ARLINGTON, Virginia — The World Central Kitchen truck left its workspace at Nationals Park in Washington with 3,300 containers of veggies and lasagna and headed to Our Lady, Queen of Peace Church in Arlington.
In the parish hall-turned-food pantry, volunteers spent the morning of May 21 loading the food into brown paper bags. By lunchtime, the church perimeter was lined with masked individuals biding their time on socially distanced stickers. By the end of the afternoon, every reheatable meal had found a hungry home.
Our Lady, Queen of Peace has given food to the needy every week for years, but it used to look a lot different, said Sally Diaz-Wells, parish social justice and outreach minister.
“We would do it with a lot of hospitality,” she told the Arlington Catholic Herald, the diocesan newspaper. “They would walk into our hall, all 200 plus families, and hang out, have breakfast. We always had coffee, tea and water available to them. We always had some kind of sweet breads. We had a nursery; (pregnancy assistance ministry) Project Gabriel,” she said.
Then, the pandemic hit. The recipients could no longer linger in the parish hall but had to wait apart from one another outside. The number of families needing food began to climb. At the most recent Wednesday distribution, they gave away 667 bags. Only 10 volunteers could work together indoors wearing masks and gloves.
“It’s a big curve, but a curve we’ve met with prayer and faith,” said Diaz-Wells. “It’s been a blessing to have really dedicated volunteers. I would be in a foxhole with them any day, which is how we feel sometimes.”
Parishioners, neighbors, nearby Protestant churches, Bread for Our Brothers, Catholic Charities St. Lucy Project, and others donated food and money. After hearing of their plight, the charitable Rales Foundation gave a $25,000 donation. “The money has been a godsend,” said Diaz-Wells.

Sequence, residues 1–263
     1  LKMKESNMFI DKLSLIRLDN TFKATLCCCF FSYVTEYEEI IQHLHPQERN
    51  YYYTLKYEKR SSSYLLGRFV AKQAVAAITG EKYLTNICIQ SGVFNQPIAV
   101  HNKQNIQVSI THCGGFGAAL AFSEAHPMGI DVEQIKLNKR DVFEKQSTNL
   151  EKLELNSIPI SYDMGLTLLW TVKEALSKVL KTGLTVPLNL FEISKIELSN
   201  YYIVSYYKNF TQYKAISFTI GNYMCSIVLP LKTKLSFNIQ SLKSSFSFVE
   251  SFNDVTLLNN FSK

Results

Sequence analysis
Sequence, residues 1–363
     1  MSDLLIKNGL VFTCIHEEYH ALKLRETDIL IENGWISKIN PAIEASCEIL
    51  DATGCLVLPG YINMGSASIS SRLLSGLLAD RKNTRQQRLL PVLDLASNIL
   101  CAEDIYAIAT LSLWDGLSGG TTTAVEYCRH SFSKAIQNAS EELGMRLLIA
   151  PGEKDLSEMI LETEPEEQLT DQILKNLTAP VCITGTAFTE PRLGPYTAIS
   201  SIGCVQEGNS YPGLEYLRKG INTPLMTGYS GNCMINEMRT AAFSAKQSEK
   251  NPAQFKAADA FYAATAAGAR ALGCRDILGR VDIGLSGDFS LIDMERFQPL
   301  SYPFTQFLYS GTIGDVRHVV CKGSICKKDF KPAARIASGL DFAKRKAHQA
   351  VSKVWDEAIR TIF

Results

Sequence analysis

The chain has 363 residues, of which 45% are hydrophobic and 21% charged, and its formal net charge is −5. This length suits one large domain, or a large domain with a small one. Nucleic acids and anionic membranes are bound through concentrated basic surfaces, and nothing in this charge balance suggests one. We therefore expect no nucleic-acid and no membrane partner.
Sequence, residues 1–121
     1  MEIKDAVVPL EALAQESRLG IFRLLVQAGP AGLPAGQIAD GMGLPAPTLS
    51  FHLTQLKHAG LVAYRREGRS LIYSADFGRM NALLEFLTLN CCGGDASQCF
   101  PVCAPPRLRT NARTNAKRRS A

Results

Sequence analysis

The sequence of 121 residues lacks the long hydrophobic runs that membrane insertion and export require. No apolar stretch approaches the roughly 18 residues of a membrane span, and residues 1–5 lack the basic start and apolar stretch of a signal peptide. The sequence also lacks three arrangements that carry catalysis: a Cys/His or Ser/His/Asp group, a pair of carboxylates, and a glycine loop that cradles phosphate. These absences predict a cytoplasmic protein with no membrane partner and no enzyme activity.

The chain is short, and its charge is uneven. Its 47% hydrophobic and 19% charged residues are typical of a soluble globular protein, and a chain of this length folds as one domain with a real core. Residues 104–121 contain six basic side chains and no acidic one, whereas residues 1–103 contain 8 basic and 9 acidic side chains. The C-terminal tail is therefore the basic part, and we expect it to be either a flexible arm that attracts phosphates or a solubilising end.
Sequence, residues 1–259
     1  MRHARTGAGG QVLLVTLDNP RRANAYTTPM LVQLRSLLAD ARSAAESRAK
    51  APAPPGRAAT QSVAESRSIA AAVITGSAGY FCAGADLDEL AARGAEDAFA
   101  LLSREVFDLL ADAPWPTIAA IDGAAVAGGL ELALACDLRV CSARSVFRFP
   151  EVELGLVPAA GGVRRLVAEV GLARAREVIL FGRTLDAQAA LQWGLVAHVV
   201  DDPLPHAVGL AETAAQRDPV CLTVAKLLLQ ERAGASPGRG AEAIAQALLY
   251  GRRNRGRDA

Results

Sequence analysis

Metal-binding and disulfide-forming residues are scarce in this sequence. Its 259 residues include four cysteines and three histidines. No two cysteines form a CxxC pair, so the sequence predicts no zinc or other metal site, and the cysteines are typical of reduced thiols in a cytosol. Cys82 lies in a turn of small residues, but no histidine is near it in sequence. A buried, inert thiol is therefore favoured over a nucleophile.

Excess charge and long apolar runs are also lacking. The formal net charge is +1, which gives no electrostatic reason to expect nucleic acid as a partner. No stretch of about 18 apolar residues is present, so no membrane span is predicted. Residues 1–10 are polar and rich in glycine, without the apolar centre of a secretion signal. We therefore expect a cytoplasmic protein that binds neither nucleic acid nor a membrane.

The volunteers often distribute more than food. Sometimes it’s information shouted out in English and Spanish, such as where to get tested for COVID-19, how to get help paying rent or why people should fill out the U.S. census. The week before, volunteers put a mask into every bag of food. Many people have donated homemade masks including the parish Days for Girls ministry, which usually sews period pads for women in developing countries. “We have had angels,” said Diaz-Wells.
The parish community was excited when World Central Kitchen offered to donate meals. The organization, founded by chef Jose Andres in 2010, is known for making meals for those impacted by natural disasters, such as Puerto Ricans after Hurricane Maria in 2017.
According to its website, since the beginning of the coronavirus pandemic World Central Kitchen has provided 250,000 fresh meals every day to people in different cities, including the Washington metropolitan area.
“They’re an incredible organization,” said Spiritan Father Timothy J. Hickey, pastor. “It’s really about hope and dignity. It gave us another opportunity at feeding people who are hungry and that’s what this is all about.”
“(Andres is) doing something for our community that is just a nice thing to do because the (recipients), they’re not the people that are able to go out and buy from restaurants most of the time,” said Diaz-Wells. “For them to have a nice meal that they didn’t have to cook I think is such a blessing.”
Maraist is a staff writer at the Arlington Catholic Herald, newspaper of the Diocese of Arlington.